I’m sure you love your grandchildren more than anything. Their young, smiling faces represent so much love, innocence, potential, and energetic fun. But those children will grow up one day, and it’s partly your responsibility to protect them from future disease. Nobody is immune to the reality of chronic illness.
But you’re lucky. There is so much proof and information about how lifestyle choices affect disease risk that you can instill the values of a healthy existence in your grandkids to save them from many of the health conditions currently plaguing our society. Health problems like obesity, type 2 diabetes, heart disease, high blood pressure, and others are largely preventable with the right lifestyle choices. This includes eating right and getting exercise—choices that you can promote and use to influence your grandchildren to live a healthier lifestyle.
Habits for Life Form at a Young Age
New research presented to the American Heart Association showed that maintaining a healthy heart while young might prevent future disease and disability. So get your grandkids up from in front of their television or tablet, and get them outside to run around, shoot hoops, skate, sled, or any kind of activity whatsoever. As long as they’re up and active, there’s a chance those habits will stick with them for life.
The study lasted more than three decades, starting in 1967. Participants were between the ages of 29 and 68 when it began, and researchers found that people who were at a low risk for heart and blood vessel disease when they were young adults—based on blood pressure, cholesterol, and body mass index (BMI)—were 60% less likely to report a disability as older adults. It’s likely because the low-risk individuals were practicing heart-healthy lifestyles at the start of the study, and continued to do so throughout their lives.
By instilling the foundations of a healthy lifestyle in your grandchildren, you could pave the way to a pain-free life and good health that lasts long into their future. Perhaps you could make your home a mostly screen-free zone for the kids, while cooking healthy meals and encouraging activity. You can still spend time with them; just provide an opportunity for them to get some activity at the same time.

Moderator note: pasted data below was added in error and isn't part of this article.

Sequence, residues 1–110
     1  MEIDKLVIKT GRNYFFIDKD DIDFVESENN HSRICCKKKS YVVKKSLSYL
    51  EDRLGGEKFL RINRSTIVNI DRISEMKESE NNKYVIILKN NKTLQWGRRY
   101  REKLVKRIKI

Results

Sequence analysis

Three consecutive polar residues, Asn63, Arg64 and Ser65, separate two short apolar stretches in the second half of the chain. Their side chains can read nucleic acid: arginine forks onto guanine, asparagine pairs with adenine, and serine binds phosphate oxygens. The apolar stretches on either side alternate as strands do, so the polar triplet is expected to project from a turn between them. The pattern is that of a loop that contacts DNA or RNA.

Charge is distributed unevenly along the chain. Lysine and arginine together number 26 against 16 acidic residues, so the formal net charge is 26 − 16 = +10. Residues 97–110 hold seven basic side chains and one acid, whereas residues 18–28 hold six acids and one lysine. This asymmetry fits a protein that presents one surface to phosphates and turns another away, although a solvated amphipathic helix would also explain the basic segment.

It Can Improve Your Health, Too!
A good friend of mine spent a lot of her life sedentary. Yes, she raised two boys, held down a family and a job, but she wasn’t particularly active or too concerned about her nutrition. However, when one of her sons announced a grandchild was on the way, she changed her tune. She wanted to be able to keep up with her soon-to-be grandchild, so she hired a personal trainer, got her nutrition in order, and embraced a far more active lifestyle.
Her lifestyle, diet, body, and energy levels transformed, and she became youthful and rejuvenated. Her granddaughter is now six and she’s never looked back. They run around and play together in the yard, go on bike rides and honestly, my 63-year-old friend behaves like an energetic six-year-old when they’re together. It’s truly remarkable!
She used her granddaughter as motivation to get back in shape and embrace a healthy lifestyle. It’s never too late to do so and as a result, she’s improved her health. Furthermore, she gives her granddaughter a chance to increase her activity levels that will hopefully pay long-term dividends.
Break the Tradition
It’s easy to say, “Oh, well she’s with grandma” to spoil your grandchildren with candy and other treats, or let them sit in your arms and watch television. But it’s also important to think of their future. And no, it’s not your sole responsibility to raise a grandchild, but you can still provide them with valuable examples and information.
Encourage your grandchildren to get active. If they play a sport, try to make the effort to go watch their games. Perhaps put a basketball hoop on your property or have outdoor games for them to play when they come over. Offer them healthy snacks, too. After all, wouldn’t you like to protect them from preventable conditions, like heart disease and diabetes?
Source for Today’s Article:
“Young heart health linked to better overall health in later years,” American Heart Association web site, November 16, 2014; http://blog.heart.org/young-heart-health-linked-better-overall-health-later-years/.